Maybe it’s no wonder that, to deflect such criticisms, a growing number of on-demand management teams and investors have begun suggesting that a third classification of worker – one poised to enjoy both flexibility and greater worker protections – is around the corner.
During a panel that StrictlyVC moderated in May, Simon Rothman of Greylock Partners, whose bets include the food-delivery startup Sprig, told attendees, “I personally think the 1099 [tax classification] framework is broken. It existed in a world of monolithic, centralized corporations, not in a world of distributed companies, so I think there needs to be a third class of worker [and that we’ll eventually have one], though it will take a while.”
Longtime employment attorneys say not to count on it.
For more of this story, read on.
The Ellen Pao Trial: A Postmortem
On Friday, jurors concluded that Ellen Pao, a former junior partner at Kleiner Perkins Caufield & Byers, was neither discriminated nor retaliated against by the famed venture capital firm when she was passed over for promotions and ultimately fired.
It was a dramatic conclusion to the five-week trial of Pao, who is today the interim CEO of the site Reddit. It’s also the beginning of more discrimination lawsuits in Silicon Valley, say employment attorneys who’ve seen the same patterns across the securities, legal, and medical industries over the years and who believe the smaller, more insular, male-dominated venture industry has just been set on the same path by Pao’s high-profile case.
In fact, they say, both junior employees and their firms can learn a few things from what just happened.
Most importantly, it will never be easy, winning a discrimination claim in court. According to longtime employment attorney Gary Phelan of the East Coast firm Mitchell & Sheahan, cases today tend to feature much more subtle types of discrimination than they did 10 or 20 years ago, meaning there are “no smoking guns” typically but rather “a series of pieces that, put together, may or may not equal discrimination.”
In Pao’s case, the jury concluded that the pieces didn’t add up to a judgment against Kleiner, but that doesn’t mean discrimination based on gender didn’t play any role. “In many trials,” says Phelan, “part of it may be gender, age, race, disability, personality, performance – it’s never clearly one thing or another.” (If it were, it would likely settle before reaching a courtroom.)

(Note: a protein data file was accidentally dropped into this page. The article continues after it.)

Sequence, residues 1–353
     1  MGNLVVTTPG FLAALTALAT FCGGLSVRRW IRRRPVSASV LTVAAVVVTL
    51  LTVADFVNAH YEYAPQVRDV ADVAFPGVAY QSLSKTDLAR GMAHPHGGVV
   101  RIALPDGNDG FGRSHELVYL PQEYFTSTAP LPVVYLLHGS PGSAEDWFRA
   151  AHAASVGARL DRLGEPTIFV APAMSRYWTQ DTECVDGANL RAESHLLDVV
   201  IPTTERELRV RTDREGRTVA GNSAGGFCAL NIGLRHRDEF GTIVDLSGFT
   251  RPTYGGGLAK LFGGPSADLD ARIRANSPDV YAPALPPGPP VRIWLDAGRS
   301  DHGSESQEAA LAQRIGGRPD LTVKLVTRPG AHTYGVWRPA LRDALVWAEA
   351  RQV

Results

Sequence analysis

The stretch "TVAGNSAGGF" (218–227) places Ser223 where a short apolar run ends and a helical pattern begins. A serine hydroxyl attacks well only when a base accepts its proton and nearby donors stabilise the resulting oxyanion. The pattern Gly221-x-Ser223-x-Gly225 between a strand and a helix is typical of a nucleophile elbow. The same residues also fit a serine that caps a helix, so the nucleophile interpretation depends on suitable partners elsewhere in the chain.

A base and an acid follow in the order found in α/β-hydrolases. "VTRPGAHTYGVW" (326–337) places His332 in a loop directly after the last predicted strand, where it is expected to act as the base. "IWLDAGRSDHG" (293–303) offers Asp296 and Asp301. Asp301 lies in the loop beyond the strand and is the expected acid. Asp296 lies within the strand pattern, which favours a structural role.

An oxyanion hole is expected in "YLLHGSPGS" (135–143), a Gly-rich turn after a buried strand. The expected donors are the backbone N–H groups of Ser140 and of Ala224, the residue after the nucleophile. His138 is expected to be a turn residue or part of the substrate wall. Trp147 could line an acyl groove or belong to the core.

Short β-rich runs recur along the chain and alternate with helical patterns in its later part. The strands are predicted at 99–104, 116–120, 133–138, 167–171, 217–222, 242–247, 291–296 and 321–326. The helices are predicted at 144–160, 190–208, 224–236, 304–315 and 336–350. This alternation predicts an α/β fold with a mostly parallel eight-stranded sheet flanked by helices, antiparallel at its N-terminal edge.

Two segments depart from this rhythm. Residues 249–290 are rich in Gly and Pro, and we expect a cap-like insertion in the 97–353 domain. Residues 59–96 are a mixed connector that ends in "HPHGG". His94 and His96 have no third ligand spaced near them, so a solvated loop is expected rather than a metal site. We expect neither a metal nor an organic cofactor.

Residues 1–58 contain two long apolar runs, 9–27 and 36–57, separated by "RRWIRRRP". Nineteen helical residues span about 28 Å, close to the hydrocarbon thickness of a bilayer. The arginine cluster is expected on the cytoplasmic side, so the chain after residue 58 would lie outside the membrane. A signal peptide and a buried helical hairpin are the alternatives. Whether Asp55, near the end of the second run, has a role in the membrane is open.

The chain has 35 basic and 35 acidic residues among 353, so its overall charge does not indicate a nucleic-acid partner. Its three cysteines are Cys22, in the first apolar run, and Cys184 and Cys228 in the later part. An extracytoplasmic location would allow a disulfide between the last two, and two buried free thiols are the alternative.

Saving up material for a court battle can prove a double-edged sword, too, says Phelan, referring to the 700,000 pages of documents that Kleiner’s defense team accused Pao of having amassed over the years.
While junior partners might be inclined to record even more of their contributions in the wake of the Pao verdict, Phelan warns that clients with “lots of documentation” are “encouraging and scary at the same time. If you have a client who perceives every negative as discrimination and writes down everything, that’s not necessarily a good sign. It’s often someone who may be paranoid or someone who, by documenting everything, is perceived as trying to build a case that otherwise isn’t there.”
That doesn’t mean firms should sit back and relax for now.
Many have probably already taken a harder look at the way their partnership and employee agreements are written and whether, if they are sued, they can send a case to arbitration, where the proceedings are private and legally binding. (The arbitration agreements that Pao had signed related to Kleiner’s agreements with its limited partners, not an employment agreement with the firm. That’s why Pao was able to land the court case she wanted.)
Firms need also think more about their HR practices. “You have people in this industry who say they’re changing the world, and in many ways they are,” says Phelan. But “thinking that you’re dealing with much bigger things than unconscious biases and HR practices — viewing them as a nuisance — tends to work to the disadvantage of females.” (Kleiner’s lack of well-defined HR policies didn’t hurt it in the end; the next firm might not be so lucky.)
Not last, more firms will need to hire more women into their ranks, even if it takes longer than many women might like. “Kleiner won, but it hurt them, and venture firms shouldn’t conclude that they don’t have to worry about this,” says Phelan.
“Change is always incremental” but lawsuits have slowly begun to transform numerous industries over the years, including Phelan’s own. (According to the research organization Catalyst, women accounted for 22 percent of law firm partners in 2013, up from roughly 13 percent in 1995.) He says “there will be more” lawsuits that target venture firms, as well. “Once something like this case gets so much attention, people start to wake up and pursue their rights.”